Why I didn't return to blogging after writing a book, and how I got my mojo back
In 2016 I crowd-funded and wrote a book about my 12-month long experiment about saying YES to my life, YES Quest. I started writing the stories for the book during 2015 when I conducted the experiment, and then, after my Kickstarter was funded I wrote around 3000 words a day until the book was completed.
Then, once the physical book was completed, I then had to go through and READ the entire book into a microphone for the audiobook recording. By the end of that, I was completely over YES Quest and never wanted to look at it or think about it again!
After I released the book I slumped into a vulnerability hangover.
I would lie awake at night thinking about people all over the world reading my stories of failure, fuck-ups and struggle judging me for being a terrible mother, a wannabe, and a lousy author.
It took me three whole months before I could even look inside the pages of YES Quest again. But, as the positive feedback and stories of positive change rolled in, I was able to shake free from that feeling of being exposed. I wasn't afraid of showing myself anymore, because I knew for a fact that my vulnerability was helping readers feel okay about who they genuinely are.
So, I figured that I'd get back into writing blog posts now that I'd recovered from the trauma of writing a book, but when it came time to actually sit down and actually write anything, I went completely blank.
In fact, the only thoughts that skipped through my brain were "I have nothing left to say" and "I don't know how to do this anymore."
Maybe I hadn't recovered from book-writing trauma as quickly as I thought I had.
Every time I tried to even think about a blog post, I would freeze. My creativity was zapped into a black hole of nothingness. I just couldn't do it. On the 12-month anniversary of finishing the book, I resided myself to the fact that I was never going to write a blog post ever again, and I was okay with that.
On the 12-month anniversary of finishing the book, I resided myself to the fact that I was never going to write a blog post ever again, and I was okay with that.
All the while, I had been sharing micro-blogs, short teachings and stories on Instagram and Facebook, but I found that SO easy. Why was blogging different? It really wasn't, but it SO was.
So I had made peace with the silent death of my inner blogger, and then late one night, while I was trying to sleep, ideas started to arrive in my mind like they used to. As I allowed these ideas to flow through me, to expand and grow, I realised that they were bigger than a social media story, these little nuggets of divinely channeled wisdom were in fact, meant to be blog posts.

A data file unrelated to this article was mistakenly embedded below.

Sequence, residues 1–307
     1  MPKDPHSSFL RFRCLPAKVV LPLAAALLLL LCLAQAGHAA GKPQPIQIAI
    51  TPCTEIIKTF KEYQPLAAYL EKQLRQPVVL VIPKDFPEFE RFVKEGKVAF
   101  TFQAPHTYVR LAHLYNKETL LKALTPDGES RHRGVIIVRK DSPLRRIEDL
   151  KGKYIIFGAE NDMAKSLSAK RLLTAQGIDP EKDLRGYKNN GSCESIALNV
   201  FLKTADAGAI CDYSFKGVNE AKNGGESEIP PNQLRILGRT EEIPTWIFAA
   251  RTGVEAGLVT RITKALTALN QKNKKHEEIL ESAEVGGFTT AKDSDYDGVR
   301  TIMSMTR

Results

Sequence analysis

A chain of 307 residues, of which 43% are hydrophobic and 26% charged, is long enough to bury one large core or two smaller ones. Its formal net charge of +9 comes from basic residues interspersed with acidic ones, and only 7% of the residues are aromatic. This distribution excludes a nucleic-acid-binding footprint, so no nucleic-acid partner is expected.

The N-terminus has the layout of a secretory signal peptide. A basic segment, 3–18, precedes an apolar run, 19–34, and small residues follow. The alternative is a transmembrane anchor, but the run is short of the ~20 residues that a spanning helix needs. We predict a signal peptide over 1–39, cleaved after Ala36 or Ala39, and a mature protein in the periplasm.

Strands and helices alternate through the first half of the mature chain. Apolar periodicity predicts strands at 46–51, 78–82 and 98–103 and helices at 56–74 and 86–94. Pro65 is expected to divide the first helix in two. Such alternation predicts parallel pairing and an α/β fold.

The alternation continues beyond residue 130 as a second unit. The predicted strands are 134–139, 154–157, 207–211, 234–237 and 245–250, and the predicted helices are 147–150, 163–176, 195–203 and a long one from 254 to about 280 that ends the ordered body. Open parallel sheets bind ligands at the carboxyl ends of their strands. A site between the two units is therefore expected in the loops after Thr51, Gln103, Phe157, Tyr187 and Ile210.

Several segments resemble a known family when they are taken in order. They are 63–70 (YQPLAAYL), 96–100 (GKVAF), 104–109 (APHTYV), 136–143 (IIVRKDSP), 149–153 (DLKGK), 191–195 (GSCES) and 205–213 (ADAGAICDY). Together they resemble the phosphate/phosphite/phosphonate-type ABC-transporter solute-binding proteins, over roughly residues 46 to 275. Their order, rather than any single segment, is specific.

Could it be that my creative drive and my desire to write could just return suddenly after 12 months of evading me entirely?
I gave myself some time to reintegrate the idea of blogging again after I had shut down that part of myself (and my business), and I actually couldn't wait to get back into it. As I fleshed out one idea, other ideas flowed to me. It's like my mojo never left.
So what was my secret for getting my creative fire to spark again? Two things...
+ I stopped trying to force it to happen before I was ready, and
+ I made peace with its absence and stopped needing it.
When I let go of the idea of writing a regular blog, I REALLY let it go. Like I put it to bed and surrendered it, and fully accepted that my future did not involve blog writing and I was completely fine with that. There was no secret wishing that my creativity would come back. I grieved for a little while and then released it fully so that it was no longer a part of me.
And then once I released the grips of (attempted) control, back it came without a single ounce of effort from me, beckoning to me to pick up where I had left off, writing regularly.
Force and need are icky vibes, don't ya think?
Not just in relation to writing a blog, but absolutely everything that I can think of... relationships, career, Elsa-braids that you're redoing for the 4th time. Both force and need breed feelings of desperation, which is obviously a mojo killer!
Creativity cannot be forced...
...and when we "need" it to happen on our time, we don't create to our highest potential. Surrender, patience and acceptance are the keys to allowing your creative inspiration to return in its own time.
So here it is, my first extended blog post in over a year. I have plenty more to come, but if you enjoyed this one, please leave a comment. And if you have something that you'd like to read about, please share! Now that I'm back in the swing of writing again, I'm very open to suggestions for what to write about. xx